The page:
Monica Lewinsky Found a Surprising “Omen” In a Letter She Wrote 23 Years Ago
"While it may all seem quite silly, it really is the chance of a lifetime."
Monica Lewinsky found an interesting "omen" in a note she wrote 23 years ago.
On Thursday, Lewinsky shared a letter she sent to her grandmother at age 23, when she was just starting out in D.C. In it, Lewinsky wrote that inaugural events weren't quite the Cinderella-esque balls she anticipated before arriving in the capitol.
"We got tickets from a congressman to STAND in the 28 degree weather to watch a little figure, presumably the President, take the oath of office," she wrote.
"Later in the evening, I am attending one of the 14 Inaugural 'balls' which is by no means a ball!" she continued. "You pay money to stand with a few thousand other people in fancy clothes (thankfully inside) and wait for the President and Mrs. Clinton to show up for 10-15 minutes!!!! BUT, I guess I can always say I was a part of history! While it may all seem quite silly, it really is the chance of a lifetime!"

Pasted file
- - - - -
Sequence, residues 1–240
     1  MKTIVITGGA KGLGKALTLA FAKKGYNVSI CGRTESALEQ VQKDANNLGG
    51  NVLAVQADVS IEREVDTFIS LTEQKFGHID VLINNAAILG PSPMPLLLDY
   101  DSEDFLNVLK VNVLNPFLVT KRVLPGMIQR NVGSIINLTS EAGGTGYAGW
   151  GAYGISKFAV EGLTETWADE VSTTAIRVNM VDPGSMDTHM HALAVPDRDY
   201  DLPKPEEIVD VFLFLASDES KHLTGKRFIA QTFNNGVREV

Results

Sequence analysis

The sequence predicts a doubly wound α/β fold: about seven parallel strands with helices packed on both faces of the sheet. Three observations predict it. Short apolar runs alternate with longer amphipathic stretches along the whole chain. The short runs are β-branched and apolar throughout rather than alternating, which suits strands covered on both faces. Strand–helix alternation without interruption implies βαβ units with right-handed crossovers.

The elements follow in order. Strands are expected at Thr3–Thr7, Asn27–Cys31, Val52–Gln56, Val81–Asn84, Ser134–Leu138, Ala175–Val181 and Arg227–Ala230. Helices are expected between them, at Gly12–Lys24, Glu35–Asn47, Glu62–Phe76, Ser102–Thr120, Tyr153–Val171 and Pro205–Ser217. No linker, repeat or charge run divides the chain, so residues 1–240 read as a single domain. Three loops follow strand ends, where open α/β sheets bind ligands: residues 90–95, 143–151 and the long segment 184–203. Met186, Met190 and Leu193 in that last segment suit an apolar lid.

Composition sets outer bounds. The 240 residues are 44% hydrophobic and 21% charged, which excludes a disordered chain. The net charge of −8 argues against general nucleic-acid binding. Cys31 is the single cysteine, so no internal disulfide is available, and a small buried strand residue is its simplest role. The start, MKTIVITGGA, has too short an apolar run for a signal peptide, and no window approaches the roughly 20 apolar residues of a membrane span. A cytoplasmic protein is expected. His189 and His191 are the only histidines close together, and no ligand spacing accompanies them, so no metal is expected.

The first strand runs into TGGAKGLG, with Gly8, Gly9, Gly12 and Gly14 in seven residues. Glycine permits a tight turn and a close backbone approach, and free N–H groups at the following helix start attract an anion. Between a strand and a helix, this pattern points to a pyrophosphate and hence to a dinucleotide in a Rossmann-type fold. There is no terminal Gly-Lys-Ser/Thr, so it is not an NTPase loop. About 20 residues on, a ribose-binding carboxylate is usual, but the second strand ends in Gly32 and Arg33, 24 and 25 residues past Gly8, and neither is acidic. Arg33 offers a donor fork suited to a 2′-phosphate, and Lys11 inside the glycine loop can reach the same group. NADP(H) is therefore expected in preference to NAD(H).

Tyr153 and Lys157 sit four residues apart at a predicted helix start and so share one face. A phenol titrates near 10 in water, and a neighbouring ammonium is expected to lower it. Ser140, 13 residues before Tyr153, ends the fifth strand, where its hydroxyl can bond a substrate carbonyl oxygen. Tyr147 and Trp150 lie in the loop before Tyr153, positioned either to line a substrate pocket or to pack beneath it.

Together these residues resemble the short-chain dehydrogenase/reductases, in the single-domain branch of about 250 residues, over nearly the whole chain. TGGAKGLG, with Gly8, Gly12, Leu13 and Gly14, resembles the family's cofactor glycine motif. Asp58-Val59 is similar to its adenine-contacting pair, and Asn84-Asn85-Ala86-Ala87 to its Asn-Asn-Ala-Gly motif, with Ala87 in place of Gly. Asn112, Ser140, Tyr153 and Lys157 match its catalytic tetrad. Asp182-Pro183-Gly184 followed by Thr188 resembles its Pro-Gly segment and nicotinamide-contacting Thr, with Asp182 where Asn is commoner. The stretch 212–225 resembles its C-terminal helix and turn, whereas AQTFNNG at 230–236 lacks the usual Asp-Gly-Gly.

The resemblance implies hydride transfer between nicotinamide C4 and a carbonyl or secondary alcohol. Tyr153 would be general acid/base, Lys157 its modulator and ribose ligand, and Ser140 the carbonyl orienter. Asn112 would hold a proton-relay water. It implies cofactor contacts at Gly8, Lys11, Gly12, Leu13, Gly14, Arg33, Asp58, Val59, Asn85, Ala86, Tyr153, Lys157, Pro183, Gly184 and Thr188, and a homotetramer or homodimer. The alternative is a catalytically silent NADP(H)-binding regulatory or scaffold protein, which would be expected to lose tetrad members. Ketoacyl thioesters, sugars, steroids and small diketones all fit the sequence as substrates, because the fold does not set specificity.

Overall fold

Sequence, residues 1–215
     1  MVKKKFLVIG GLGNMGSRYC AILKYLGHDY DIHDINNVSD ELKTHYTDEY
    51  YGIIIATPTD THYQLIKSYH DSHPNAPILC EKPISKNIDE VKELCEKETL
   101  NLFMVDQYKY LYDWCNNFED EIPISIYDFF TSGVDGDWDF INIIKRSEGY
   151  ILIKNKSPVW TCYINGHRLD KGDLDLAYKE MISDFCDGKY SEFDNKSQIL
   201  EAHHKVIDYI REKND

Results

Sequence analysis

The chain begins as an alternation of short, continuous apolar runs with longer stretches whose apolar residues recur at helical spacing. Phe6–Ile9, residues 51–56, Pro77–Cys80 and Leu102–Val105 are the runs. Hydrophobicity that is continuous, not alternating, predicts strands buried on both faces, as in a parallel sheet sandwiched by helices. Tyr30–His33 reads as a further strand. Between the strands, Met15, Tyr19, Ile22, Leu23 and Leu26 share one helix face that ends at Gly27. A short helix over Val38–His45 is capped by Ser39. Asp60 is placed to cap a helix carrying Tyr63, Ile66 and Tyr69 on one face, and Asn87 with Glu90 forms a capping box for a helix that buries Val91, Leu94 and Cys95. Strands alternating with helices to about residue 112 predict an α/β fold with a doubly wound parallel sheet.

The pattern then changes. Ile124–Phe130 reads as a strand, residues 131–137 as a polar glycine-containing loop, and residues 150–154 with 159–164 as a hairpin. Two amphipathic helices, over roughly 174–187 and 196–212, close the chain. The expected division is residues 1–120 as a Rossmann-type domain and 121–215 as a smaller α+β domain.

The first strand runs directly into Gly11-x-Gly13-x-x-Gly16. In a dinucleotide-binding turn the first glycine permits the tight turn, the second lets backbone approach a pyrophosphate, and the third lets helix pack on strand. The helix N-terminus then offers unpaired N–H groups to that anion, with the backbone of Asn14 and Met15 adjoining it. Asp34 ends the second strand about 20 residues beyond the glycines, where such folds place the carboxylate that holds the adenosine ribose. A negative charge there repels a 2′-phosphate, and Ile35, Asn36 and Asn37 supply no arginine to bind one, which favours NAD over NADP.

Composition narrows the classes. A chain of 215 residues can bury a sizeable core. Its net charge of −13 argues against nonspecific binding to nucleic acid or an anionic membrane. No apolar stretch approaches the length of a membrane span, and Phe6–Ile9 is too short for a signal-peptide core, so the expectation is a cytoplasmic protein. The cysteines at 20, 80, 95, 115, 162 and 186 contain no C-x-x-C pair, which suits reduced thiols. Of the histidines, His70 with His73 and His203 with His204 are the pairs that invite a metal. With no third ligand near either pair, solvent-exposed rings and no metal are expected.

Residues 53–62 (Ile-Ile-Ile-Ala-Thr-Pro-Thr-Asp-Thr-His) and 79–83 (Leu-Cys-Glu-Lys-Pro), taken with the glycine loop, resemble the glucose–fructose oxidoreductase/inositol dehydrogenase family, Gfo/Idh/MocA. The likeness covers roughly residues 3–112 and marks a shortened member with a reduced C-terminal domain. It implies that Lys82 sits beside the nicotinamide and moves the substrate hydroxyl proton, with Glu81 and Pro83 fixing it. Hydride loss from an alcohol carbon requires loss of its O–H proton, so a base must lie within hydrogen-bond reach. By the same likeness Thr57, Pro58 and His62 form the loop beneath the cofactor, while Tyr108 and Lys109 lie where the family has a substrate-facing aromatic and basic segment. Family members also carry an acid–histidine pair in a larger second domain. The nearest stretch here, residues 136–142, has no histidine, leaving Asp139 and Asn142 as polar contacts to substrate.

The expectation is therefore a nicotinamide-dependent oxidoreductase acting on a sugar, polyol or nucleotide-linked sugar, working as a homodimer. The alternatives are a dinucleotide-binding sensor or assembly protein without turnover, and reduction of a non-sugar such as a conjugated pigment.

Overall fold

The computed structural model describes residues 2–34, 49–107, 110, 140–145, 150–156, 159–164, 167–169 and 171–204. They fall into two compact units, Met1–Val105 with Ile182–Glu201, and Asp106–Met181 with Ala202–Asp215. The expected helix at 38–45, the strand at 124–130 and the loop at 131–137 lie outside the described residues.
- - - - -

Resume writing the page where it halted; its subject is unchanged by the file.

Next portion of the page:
Lewinsky tweeted a photo of the letter and referenced the scandal that eventually did make her a big part of history, writing, "16 JAN, 23 years ago + age 23, i typed this in a note to my oma (rip). on the exact same date, 1 yr later, i would be stung in a shopping mall by FBI agents + linda tripp. happy 22nd survivor’s day to me + my family!"
On Friday, it was reported that President Trump was adding former independent counsel Ken Starr to his legal team for his impeachment trial by the Senate.
Starr's investigation into Bill Clinton’s sexual relationships led to his impeachment in 1998. While Lewinsky didn't directly reference the news, shortly after the report broke, she tweeted, "this is definitely an 'are you f—ing kidding me?' kinda day."
In recent years, Lewinsky has been an active anti-bullying activist. Last year, she launched a powerful PSA called "The Epidemic," which touched on the emotional impact of bullying.
"When I was a kid, I’d go off on my bike, and to keep me safe, my parents would say, 'Be home before sundown,'" she told InStyle last year. "But now children or young people can be physically safe in their home, but they’re not emotionally safe because of what’s happening online. Bullying is a global epidemic; it can be hard to see the signs and it can also be hard to see what the offline damage is for online behavior."